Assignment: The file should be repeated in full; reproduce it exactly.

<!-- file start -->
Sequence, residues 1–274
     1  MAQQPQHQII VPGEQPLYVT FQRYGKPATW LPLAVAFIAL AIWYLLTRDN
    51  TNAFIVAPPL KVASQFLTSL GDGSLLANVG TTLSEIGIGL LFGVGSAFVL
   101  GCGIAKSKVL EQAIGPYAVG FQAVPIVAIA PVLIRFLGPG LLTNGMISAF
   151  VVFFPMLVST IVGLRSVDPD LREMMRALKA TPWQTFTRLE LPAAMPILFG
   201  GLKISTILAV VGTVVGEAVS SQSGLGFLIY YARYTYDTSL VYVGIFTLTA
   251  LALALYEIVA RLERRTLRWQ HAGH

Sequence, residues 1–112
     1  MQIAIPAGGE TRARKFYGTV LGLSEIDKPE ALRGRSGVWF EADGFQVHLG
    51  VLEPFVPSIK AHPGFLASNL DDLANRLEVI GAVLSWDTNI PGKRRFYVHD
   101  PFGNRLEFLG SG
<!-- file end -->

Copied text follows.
Sequence, residues 1–274
     1  MAQQPQHQII VPGEQPLYVT FQRYGKPATW LPLAVAFIAL AIWYLLTRDN
    51  TNAFIVAPPL KVASQFLTSL GDGSLLANVG TTLSEIGIGL LFGVGSAFVL
   101  GCGIAKSKVL EQAIGPYAVG FQAVPIVAIA PVLIRFLGPG LLTNGMISAF
   151  VVFFPMLVST IVGLRSVDPD LREMMRALKA TPWQTFTRLE LPAAMPILFG
   201  GLKISTILAV VGTVVGEAVS SQSGLGFLIY YARYTYDTSL VYVGIFTLTA
   251  LALALYEIVA RLERRTLRWQ HAGH

Sequence, residues 1–112
     1  MQIAIPAGGE TRARKFYGTV LGLSEIDKPE ALRGRSGVWF EADGFQVHLG
    51  VLEPFVPSIK AHPGFLASNL DDLANRLEVI GAVLSWDTNI PGKRRFYVHD
   101  PFGNRLEFLG SG